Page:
CHESHIRE pensioners who enjoy having their feet done on the NHS will soon be forced to pay up following a shake up of the county's free chiropodist service.

The changes come as the Chester West Primary Care Trust (CPCT) chooses to stop healing healthy people's corns and verrucas to concentrate on patients with diabetes or circulatory problems.

The CPCT's new foot policy came into force a few weeks ago and its 7,000 registered patients are now being assessed as to whether they deserve free treatment or not.

The decision to shut out some people who depend on NHS free treatment, is bound to be controversial as many people cannot afford high chiropody prices.

The news was announced as the CPCT pressed ahead with a review which they say has nothing to do with saving money.

CPCT spokeswoman Anne-Marie Storey said: 'All NHS services are provided on the basis of assessed need, not demand, and podiatry is no different.

'This year has seen a major review of the way the podiatry service assesses patients to decide whether or not they are eligible for NHS podiatry treatment.

'This review is also happening in other parts of the country because demand for podiatry services has increased considerably and podiatrists need to focus their time and specialist expertise on patients with an underlying medical condition that directly affects their feet.

'This could range, for example, from a serious medical condition, such as diabetes or circulatory problems, to a disabling foot condition such as arthritis.

'The sort of specialist treatment these patients might need could, for example, be nail surgery or care of a foot wound.

'NHS Podiatry treatment will only be offered to those patients who have an underlying medical condition that directly affects their feet. To decide whether or not they are eligible for treatment, they will be invited to an assessment.

'If people are not eligible for treatment, they will be offered advice about keeping their feet healthy and how they can prevent foot problems by visiting a registered chiropodist, whose details can be obtained from their GP practice or Yellow Pages.'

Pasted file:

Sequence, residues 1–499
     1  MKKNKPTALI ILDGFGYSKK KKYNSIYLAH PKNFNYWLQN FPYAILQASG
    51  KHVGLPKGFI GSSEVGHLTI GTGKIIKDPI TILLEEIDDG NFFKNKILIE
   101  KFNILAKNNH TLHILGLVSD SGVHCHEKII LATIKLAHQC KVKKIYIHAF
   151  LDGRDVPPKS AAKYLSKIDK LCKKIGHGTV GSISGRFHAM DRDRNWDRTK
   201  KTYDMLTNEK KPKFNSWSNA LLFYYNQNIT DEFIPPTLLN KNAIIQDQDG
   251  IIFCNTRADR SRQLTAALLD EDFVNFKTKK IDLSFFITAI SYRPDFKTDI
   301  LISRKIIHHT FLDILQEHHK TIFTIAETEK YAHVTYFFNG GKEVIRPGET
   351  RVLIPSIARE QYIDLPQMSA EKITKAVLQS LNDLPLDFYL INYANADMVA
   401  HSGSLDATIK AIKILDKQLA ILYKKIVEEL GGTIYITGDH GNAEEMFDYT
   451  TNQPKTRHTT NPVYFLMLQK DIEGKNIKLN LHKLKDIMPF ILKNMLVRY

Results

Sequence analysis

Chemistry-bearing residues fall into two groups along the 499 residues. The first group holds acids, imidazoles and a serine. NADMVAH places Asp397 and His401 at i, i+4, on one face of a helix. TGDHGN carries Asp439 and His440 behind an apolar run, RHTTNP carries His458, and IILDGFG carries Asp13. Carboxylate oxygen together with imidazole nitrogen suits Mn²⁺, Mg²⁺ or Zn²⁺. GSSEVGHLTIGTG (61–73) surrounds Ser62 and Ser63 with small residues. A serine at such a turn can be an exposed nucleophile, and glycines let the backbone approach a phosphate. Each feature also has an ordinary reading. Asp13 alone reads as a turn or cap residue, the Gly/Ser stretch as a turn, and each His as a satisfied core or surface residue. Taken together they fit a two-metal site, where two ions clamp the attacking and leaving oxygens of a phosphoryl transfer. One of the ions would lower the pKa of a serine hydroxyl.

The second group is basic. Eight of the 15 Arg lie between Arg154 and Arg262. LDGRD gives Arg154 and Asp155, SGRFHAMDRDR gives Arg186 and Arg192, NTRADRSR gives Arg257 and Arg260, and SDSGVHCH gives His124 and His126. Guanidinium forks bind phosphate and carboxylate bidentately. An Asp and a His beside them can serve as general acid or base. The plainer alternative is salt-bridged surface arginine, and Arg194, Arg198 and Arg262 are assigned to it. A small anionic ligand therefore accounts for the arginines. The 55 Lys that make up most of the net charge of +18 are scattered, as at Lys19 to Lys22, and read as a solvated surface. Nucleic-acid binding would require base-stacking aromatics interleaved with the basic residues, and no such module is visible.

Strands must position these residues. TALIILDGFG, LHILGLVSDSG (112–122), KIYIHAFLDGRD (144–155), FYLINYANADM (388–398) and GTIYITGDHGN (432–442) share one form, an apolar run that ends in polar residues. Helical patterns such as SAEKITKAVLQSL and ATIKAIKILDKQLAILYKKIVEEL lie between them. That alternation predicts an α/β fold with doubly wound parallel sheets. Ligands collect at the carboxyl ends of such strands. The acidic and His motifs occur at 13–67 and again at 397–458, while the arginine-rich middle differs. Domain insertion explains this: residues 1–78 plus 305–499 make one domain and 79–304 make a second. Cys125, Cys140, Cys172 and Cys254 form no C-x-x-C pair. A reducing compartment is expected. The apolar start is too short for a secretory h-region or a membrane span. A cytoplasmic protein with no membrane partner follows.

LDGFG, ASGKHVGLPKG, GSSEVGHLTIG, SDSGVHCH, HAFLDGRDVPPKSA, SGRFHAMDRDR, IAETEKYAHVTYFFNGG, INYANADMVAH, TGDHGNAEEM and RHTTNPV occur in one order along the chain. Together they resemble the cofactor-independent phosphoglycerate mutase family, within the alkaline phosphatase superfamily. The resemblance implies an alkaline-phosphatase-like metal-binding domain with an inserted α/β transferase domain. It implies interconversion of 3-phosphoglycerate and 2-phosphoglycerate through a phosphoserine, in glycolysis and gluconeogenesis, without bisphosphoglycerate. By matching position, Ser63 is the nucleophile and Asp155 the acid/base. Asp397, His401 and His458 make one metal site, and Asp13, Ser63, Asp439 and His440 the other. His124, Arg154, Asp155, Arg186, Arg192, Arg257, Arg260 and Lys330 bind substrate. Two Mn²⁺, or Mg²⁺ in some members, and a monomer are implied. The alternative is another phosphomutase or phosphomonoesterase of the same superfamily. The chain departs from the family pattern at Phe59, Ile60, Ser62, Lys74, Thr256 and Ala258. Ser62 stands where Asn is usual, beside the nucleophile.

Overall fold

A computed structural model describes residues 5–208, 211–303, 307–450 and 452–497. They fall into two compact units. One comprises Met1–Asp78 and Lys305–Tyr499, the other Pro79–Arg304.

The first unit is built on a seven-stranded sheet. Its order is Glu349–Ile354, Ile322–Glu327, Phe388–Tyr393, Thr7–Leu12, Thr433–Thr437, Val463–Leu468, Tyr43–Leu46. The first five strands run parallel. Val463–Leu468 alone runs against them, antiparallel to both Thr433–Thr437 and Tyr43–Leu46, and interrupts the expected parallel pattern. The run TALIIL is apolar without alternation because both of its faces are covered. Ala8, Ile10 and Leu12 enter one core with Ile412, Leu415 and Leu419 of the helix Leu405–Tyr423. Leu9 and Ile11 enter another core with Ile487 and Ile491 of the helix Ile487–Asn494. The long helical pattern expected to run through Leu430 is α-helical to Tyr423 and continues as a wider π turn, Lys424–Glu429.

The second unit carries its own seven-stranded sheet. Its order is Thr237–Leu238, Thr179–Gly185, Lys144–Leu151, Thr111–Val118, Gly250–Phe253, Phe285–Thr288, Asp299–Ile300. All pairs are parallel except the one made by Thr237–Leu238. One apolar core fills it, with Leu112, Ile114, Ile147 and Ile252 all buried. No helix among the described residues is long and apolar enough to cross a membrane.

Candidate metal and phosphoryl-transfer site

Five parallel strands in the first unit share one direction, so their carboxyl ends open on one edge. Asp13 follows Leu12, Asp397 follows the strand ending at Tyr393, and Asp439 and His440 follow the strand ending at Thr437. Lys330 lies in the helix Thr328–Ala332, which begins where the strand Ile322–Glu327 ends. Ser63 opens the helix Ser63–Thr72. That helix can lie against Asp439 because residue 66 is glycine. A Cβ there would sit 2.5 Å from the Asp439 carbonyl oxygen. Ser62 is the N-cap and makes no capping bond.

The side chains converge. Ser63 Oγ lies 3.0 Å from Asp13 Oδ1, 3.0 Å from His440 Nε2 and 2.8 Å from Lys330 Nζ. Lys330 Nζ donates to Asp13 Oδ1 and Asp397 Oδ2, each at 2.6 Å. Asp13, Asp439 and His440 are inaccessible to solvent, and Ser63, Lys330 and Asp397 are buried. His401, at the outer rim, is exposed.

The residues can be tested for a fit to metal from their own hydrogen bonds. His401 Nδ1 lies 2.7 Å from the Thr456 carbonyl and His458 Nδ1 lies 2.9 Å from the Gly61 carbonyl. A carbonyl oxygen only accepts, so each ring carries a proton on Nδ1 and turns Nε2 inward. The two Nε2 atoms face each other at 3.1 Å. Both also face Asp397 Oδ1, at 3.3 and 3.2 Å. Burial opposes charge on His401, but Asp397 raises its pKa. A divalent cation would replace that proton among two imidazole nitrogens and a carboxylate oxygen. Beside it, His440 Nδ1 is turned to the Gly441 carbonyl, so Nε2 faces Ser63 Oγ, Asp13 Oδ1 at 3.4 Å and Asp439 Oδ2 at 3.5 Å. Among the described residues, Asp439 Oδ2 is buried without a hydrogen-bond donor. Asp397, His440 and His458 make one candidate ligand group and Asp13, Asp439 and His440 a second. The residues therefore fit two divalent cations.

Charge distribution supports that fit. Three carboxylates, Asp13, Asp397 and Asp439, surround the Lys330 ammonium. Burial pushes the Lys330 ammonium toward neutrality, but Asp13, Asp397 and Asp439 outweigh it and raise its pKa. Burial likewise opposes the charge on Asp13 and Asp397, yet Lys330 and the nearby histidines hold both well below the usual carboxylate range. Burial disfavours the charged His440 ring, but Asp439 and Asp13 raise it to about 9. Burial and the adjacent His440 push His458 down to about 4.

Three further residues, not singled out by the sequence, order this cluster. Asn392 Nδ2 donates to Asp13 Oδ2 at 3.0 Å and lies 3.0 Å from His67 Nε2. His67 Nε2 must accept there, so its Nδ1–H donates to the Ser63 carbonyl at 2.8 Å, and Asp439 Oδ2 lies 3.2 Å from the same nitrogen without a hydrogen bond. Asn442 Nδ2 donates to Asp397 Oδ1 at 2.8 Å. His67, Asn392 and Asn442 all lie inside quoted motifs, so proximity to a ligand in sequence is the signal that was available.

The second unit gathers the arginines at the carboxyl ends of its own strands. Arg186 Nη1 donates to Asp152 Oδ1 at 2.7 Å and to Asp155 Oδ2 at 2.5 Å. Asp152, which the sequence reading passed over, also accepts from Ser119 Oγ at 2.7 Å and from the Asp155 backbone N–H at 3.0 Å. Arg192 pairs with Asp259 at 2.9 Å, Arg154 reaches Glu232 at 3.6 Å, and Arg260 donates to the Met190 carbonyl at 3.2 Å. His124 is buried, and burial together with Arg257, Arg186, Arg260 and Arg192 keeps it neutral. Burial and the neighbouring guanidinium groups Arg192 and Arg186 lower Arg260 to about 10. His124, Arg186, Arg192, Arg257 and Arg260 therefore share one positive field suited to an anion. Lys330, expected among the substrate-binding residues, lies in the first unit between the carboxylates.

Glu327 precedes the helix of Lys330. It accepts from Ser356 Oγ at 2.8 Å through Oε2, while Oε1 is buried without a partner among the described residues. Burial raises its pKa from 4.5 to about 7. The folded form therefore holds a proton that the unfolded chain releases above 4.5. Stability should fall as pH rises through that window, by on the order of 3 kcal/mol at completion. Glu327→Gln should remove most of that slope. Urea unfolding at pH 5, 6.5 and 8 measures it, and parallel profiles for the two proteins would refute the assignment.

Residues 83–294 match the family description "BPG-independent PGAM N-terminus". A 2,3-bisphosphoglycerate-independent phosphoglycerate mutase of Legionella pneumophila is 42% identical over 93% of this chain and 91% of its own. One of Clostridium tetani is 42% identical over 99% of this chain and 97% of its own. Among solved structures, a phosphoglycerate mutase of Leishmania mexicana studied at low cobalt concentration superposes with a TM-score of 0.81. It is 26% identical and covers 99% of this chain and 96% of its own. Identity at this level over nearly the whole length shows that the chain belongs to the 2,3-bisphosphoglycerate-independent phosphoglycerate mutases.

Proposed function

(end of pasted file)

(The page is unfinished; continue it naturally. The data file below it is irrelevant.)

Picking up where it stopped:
Patient assessments are being carried out at NHS clinics across Cheshire, including St Martin's Clinic, Blacon Clinic, Lache Clinic and Boughton Clinic.

Assessments, are also being carried out in areas such as Elton, Farndon, Kelsall, Tattenhall, Malpas, Tarporley, Frodsham, Helsby, Bunbury, Audlem and Wrenbury. Patients affected by the changing system are being notified by letter.

Although the CPCT is clear about the people who should benefit, it is less clear about who shouldn't.

'This is not about saving money,' said Mrs Storey. 'It is making sure that NHS podiatrists see people who have serious conditions.

'For example, if a fit 65-year-old has a corn they would be less likely to receive treatment than a 95-year-old with one leg missing who may have circulatory problems. We want to deal with patients in a holistic way.

'This is not to save money but to ensure those people that should be treated are in the queue.' People who want further information should contact the head of podiatry, Moston Lodge, Countess of Chester Health Park, Liverpool Road, Chester, CH2 1UL or call 01244 364823. Will you be affected? Send your views to Chronicle Newsdesk, Chester Chronicle, Commonhall Street, Chester, CH1 2AA.

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